I run it with three PCs as well. So my perspective is with so many NPCs, the party itself becomes 'overwhelmed'. Different strokes for diffwerent folks. I have had no trouble adjusting encounters by removing baddies/replacing them with minions.

LightPhoenix said:
It's probably way to much work for relatively little payoff, but I think it would be neat if each adventure had (depending on how Zeitgeist is written) a brief section for each NPC outlining their part in the adventure, including possible outs for those that don't want them. Or, if Zeitgeist is NPC-light, possible NPCs who might join and reasons why.

Reading through WotBS, I've been thinking about writing such a document up.

I think this is a great suggestion.
 

Morrus

Well, that was fun
Staff member
Again, I want to echo two toher suggestions already offered:

1) the notion of not having "so many" NPCs that tag along, and NPCs in general.

I find this confusing. They're completely optional and excludable. Why deny them to those groups who find them useful?

You can use them as little or as much as you want to. As the DM, you make that call. Including them allows people who would make a different choice to you the option; omitting them gives those people no option.

I can't get behind the concept of excluding options because 100% of the customers won't use them. Better to include them and let people choose to not use them.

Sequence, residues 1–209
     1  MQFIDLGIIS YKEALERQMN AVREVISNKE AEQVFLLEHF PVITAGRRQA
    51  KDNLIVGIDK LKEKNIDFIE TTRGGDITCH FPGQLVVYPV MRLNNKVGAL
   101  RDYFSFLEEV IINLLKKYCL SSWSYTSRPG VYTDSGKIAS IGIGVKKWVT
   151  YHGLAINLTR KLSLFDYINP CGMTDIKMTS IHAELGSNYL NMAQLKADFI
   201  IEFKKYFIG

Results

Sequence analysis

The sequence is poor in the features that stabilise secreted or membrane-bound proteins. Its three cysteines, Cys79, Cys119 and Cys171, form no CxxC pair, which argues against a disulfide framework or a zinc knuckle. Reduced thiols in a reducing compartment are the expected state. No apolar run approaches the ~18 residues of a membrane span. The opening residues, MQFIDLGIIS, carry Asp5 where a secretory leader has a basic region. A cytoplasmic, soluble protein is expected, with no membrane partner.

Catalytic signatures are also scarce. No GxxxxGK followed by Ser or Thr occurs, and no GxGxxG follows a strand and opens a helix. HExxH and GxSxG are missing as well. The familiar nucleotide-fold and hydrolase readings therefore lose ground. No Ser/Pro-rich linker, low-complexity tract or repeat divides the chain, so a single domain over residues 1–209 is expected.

UnknownAtThisTime

First Post
I find this confusing. They're completely optional and excludable. Why deny them to those groups who find them useful?

You can use them as little or as much as you want to. As the DM, you make that call. Including them allows people who would make a different choice to you the option; omitting them gives those people no option.

I can't get behind the concept of excluding options because 100% of the customers won't use them. Better to include them and let people choose to not use them.

I don't disagree with your logic. If I were you I might make the same point, and might also disregard my suggestion. And naturally, as I am running it, I am removing those that don't mesh well with our play.

However, understand this:
1) Objectively, so far WotBS has "a lot" of NPCs. Whether used by the DM or not, simply having them adds overhead to the game planning (as well as adding many positive things such as a rich setting and deep and complex environment).
2) when those NPCs carry information or plot hooks, it is not easy to "exclude" them.

Perhaps there is a more happy medium. Perhaps not. I defer that to the authors (and publisher) to decide, but wanted to share my opinion.
 

Advertisement2

Advertisement4

Top